There were two brothers, Harry and Billy, who left the farm in Perkisie, PA to work for the Reading Railroad. Billy settled in Landsdale, PA and had 11 children. She is from that family. Harry settled in Mount Airy, Philadelphia, PA and had 9 children. Francis "Frank" Curley is his oldest son.]
She is an 88-year old who showed up at my sister Sue's house. She said, "Are you the Curley who has the brother doing a Web page on Francis Curley?"
Sue said, "Yes."
Agnes reached into her pocketbook and said, "I've been keeping these for 65 years. He should have these."
Agnes handed Sue the picture you see here of Frank in his USAAF uniform as well as the obituary below. Serendipity.
Childhood Memories: I heard the name Frank Curley, older brother of my father Harry Leo Curley, only rarely and briefly as a child. Usually, there was a reference to the fact that he died in the Pacific in a plane, that he was an MIA and that my grandmother, Margaret D'Arcy Curley never recovered from the loss. When I tried to get more information on him from my mother and father, I got vague references to the Pacific War and that, again, he was Missing in Action (MIA). That was it.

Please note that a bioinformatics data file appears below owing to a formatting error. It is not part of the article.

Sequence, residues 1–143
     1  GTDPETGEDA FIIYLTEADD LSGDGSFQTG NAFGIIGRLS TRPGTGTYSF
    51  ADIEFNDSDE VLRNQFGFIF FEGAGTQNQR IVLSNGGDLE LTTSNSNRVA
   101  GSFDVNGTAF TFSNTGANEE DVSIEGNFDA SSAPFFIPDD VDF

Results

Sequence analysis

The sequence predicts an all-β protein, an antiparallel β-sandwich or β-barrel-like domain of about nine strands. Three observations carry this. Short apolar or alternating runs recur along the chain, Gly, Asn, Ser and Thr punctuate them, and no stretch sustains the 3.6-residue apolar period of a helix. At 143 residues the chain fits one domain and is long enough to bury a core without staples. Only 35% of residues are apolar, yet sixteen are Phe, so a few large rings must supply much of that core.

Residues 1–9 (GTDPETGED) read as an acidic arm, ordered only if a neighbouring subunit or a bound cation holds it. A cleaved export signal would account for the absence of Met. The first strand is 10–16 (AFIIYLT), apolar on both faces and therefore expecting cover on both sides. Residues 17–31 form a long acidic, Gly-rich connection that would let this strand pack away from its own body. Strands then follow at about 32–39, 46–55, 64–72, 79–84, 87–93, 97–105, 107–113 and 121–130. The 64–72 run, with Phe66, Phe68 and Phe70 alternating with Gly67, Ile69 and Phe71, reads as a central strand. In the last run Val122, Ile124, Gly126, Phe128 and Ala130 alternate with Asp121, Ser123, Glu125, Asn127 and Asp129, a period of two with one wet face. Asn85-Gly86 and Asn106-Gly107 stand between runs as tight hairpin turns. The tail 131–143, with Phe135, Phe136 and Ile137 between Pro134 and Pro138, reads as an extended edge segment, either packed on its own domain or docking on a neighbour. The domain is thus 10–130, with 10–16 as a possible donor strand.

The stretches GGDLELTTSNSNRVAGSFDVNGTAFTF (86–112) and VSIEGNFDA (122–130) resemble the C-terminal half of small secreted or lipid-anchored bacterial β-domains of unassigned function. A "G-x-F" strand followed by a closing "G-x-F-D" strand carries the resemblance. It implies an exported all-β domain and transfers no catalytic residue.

Breakthrough: Frank's MACR (Missing Air Crew Report) Some 28 years into my research (mostly wasted hours at the National Archives) I would obtain his MARC that stated that he was a navigator/bombardier with the 7th Air Force (AF), 11th Bomber Group (BG), 26th Bomber Squadron (BS) in 1944 and 1945 in the Pacific.
By talking to the pilot (Harry Gibbons) who was behind Frank when his plane was hit, I got details of that mission. By talking to Richard Chandler, the sole survivor of the crew with Frank that day, I was able to get a photo of Frank's crew (as well as Richard Chandler's own incredible survival and rescue story).
According to the MACR, members of this crew flew missions over Iowo Jima, Truk, Marcus, ChiChi Jima, Ha Ha Jima, and Wake and many other pacific island the Imperial Japanese Navy and Army had invaded. I got the photo of Frank's B-24 going down in the Pacific from MACR 12052 - 10 Feb 1945.